One initial difficulty of her transition from HBS student to HBS faculty member involved relating to former professors and mentors as colleagues. "I had a hard time calling them by their first names," she says. Now the William L. White Professor of Business Administration and a senior associate dean, Baldwin has taught Finance and Organizational Economics and was recently appointed to chair the HBS Doctoral Programs. Never expecting to stand in front of a classroom herself, she remembers taking for granted her professors' skills in leading discussions. "Much to my chagrin later on, I did not focus on their classroom techniques," she laughs.
But some of the lessons continue to resonate. "They taught me to view the enterprise as a whole - and as something that was subject to lots of conflicting pressures and constraints from customers, investors, and em- ployees," says Baldwin. "Now whenever I go into a company, I always look for those interdependencies."
In addition to her professorial and administrative roles, Baldwin, with coauthor Dean Kim B. Clark, has completed the forthcoming first volume of Design Rules: The Power of Modularity, which examines the interaction of design and industry evolution. Focusing on the computer industry, the authors are documenting a phenomenon in which the design of new products has created a corresponding number of new firms.
Teacher, administrator, researcher, and mother of two - after 25 years, Baldwin is still very much in the eye of the storm. "My children are young, Kim and I have yet to write volume two of the book - I don't think I've reached the time for reflection yet," she says. "But it's out there like a promise: Someday life will be less hectic."
Dennis Hightower, an Alumni Achievement Award recipient in 1992, epitomizes the long-standing HBS tradition of attracting hands-on practitioners to the faculty. Cheerfully characterizing his faculty appointment as "Dennis: Act III," the energetic Hightower became a senior lecturer in 1996 and a professor of management in 1997 following an exemplary business career and a stellar eight-year stint as a military officer.
Hightower notes that today's student body represents a far greater range of ages and cultures than in 1972. "As a teacher, I find that the quality of discussions are much richer because they reflect a wider range of cultural viewpoints that go beyond a purely U.S.-centric view," notes Hightower. "Today's students have a more pragmatic perspective. They don't merely focus on the theory of the case, and they tend to promote more global considerations." Because his students demand substantial real-world relevance alongside theory, Hightower's academic work focuses on issues of leadership and global management from the general manager's perspective.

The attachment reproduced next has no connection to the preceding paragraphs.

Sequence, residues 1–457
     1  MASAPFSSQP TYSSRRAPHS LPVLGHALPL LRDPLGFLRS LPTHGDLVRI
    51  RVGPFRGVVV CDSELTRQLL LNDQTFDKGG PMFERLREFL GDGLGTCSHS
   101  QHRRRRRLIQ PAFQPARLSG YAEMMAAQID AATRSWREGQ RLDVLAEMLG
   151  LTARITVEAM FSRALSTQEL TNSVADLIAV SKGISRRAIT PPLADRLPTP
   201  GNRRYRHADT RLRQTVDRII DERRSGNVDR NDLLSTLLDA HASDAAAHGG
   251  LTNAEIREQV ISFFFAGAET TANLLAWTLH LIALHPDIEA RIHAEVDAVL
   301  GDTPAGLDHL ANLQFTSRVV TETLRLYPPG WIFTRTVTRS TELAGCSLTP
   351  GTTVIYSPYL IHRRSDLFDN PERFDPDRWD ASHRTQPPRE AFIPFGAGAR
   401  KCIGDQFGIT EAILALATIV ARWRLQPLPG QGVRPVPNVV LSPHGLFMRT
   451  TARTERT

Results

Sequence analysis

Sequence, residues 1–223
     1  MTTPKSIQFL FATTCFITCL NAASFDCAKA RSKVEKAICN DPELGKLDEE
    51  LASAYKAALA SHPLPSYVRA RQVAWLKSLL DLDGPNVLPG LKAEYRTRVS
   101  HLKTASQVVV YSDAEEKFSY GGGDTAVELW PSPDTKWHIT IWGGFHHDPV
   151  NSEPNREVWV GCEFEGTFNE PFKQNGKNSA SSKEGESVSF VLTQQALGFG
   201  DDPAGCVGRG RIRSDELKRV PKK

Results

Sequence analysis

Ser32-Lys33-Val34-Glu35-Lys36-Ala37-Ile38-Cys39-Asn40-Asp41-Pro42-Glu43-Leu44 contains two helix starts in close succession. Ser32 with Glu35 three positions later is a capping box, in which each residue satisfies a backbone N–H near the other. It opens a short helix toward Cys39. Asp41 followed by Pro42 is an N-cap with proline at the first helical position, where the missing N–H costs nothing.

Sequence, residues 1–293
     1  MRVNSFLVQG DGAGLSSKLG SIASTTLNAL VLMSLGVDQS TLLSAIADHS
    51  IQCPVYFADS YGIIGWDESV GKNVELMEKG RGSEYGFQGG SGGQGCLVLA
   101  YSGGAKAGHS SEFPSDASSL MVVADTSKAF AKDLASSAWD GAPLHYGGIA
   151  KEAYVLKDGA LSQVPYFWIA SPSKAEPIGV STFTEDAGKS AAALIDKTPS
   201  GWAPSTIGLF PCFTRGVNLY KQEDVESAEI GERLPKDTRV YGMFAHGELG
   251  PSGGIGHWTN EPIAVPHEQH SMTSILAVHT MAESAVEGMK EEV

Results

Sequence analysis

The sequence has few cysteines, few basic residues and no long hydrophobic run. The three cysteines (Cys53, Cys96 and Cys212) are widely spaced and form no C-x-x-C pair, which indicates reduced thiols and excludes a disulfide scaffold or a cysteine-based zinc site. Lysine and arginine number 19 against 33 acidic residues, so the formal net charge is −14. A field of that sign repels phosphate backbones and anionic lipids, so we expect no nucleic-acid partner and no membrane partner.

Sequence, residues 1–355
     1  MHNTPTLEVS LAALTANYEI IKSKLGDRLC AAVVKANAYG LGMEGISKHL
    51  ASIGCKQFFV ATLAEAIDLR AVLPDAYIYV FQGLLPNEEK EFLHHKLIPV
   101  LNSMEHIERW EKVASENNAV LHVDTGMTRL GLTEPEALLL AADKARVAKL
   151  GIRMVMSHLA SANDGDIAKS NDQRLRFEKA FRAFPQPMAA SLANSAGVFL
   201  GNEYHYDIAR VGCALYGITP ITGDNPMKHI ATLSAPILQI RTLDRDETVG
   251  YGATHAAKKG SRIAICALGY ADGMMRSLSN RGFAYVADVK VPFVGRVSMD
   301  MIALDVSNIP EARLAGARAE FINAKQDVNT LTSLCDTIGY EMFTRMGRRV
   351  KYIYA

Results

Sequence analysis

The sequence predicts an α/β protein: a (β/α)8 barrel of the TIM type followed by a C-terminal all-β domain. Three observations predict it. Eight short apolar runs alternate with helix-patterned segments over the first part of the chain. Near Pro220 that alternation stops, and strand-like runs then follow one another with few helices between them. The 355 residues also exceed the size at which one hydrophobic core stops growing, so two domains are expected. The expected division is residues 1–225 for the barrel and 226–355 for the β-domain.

Hightower credits his career in the Army, where he attained the rank of major at age 27, with teaching him the nuances of leadership. "As MBAs, we tend to become quite enamored with the processes of planning, analyzing, and making financial projections," he observes. "But in the final analysis, none of that can happen if you don't have the right people. As an officer, I had to know how to get things done through others by selecting them properly, trusting them, allowing them to do what they were best at, and providing the correct amount of push and pull," Hightower asserts.
He put those lessons to work after leaving the military and earning his MBA when he em-barked on a business career that included stints as a McKinsey consultant, a general manager at GE, president of Disney's Europe/Middle East/Africa consumer products division, and president of Disney's global television and telecommunications businesses.
Noting that compared with his generation, today's MBA students have a better sense of balance when juggling work, family, and community service, Hightower counsels them to remain attuned to their individual abilities and limitations when making career choices. "I have my own definition of success that is internally driven and has the support of my family," he says proudly. Like Barrett and Baldwin, Hightower's path to success has led him straight back to HBS.